After starring in over ten TV shows and at least twenty-six movies, Regina King has shown how comfortable she is with her talents in front of a camera and is venturing into a different lane. Earlier this week at the Venice Film Festival, King made her directorial debut with her film One Night In Miami. It was an evening of firsts, not only for King, but also for the Venice Film Festival as well. Regina King is the first Black woman director to have her film selected and premiered by the Venice Film Festival after 87 consecutive years running.
One Night in Miami is an adaptation of the play written by Kemp Powers that reimagines a meeting between the four major Black figures of 1964: Muhammed Ali, Malcom X, singer Sam Cooke, and then, NFL player Jim Brown. When speaking on the film during a virtual press conference King stated “There's so much talent out there—so many talented directors—so if 'One Night in Miami' gets it done here, you'll get to see a lot more of us.” King acknowledges the double standards that unfortunately come with the industry and her newest achievement. Knowing that One Night In Miami could either open or close doors for more Black women Directors has to be a heavy weight to bear.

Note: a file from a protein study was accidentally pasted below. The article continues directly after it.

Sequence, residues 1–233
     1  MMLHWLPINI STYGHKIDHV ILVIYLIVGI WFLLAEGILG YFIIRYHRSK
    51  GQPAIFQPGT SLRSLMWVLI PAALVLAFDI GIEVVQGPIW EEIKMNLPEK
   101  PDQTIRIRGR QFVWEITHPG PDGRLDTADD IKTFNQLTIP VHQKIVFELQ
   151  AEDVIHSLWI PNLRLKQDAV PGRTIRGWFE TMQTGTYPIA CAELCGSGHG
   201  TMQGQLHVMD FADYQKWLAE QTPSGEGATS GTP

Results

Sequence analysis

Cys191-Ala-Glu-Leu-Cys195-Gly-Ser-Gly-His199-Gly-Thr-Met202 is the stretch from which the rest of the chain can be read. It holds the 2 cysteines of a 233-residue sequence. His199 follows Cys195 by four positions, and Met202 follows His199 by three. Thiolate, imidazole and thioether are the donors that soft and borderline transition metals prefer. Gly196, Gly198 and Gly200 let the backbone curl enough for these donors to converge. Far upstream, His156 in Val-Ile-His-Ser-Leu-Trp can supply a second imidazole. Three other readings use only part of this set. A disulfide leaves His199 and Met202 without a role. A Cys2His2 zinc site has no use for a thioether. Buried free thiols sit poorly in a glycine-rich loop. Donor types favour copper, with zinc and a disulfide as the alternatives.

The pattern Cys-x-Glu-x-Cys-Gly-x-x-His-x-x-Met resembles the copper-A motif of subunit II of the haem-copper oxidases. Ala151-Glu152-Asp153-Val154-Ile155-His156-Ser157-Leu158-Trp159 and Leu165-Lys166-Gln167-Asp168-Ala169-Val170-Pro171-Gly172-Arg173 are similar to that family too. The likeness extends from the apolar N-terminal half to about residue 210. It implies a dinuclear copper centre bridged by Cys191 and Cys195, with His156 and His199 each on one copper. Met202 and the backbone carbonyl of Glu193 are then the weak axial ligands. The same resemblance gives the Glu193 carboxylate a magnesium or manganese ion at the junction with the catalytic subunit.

“Unfortunately, across the world, that's how things seem to work. One woman gets a shot and if she does not succeed, it shuts things down for years until someone else gets a shot.”
There isn’t a lack of Black women who are Directors, Producers, or Writers - but there has been a lack of support for them in professional spaces, especially when awards are involved. With Regina King being the first in such a lucrative and elite film space, she has paved a way for more directors like her to come.